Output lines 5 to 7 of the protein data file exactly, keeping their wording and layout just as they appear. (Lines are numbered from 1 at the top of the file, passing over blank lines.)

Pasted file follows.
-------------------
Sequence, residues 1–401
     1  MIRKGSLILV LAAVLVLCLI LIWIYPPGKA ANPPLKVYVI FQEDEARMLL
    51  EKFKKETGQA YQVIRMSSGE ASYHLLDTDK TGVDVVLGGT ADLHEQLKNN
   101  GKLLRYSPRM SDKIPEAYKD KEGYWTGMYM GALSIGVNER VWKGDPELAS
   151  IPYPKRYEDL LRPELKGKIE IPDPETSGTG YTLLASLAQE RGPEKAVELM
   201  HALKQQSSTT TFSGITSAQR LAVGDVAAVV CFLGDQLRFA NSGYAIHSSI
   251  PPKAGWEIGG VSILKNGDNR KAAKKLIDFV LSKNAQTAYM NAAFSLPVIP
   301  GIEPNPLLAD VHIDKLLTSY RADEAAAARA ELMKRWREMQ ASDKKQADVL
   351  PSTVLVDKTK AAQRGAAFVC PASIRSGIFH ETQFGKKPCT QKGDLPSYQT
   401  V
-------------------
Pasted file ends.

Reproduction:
   151  IPYPKRYEDL LRPELKGKIE IPDPETSGTG YTLLASLAQE RGPEKAVELM
   201  HALKQQSSTT TFSGITSAQR LAVGDVAAVV CFLGDQLRFA NSGYAIHSSI
   251  PPKAGWEIGG VSILKNGDNR KAAKKLIDFV LSKNAQTAYM NAAFSLPVIP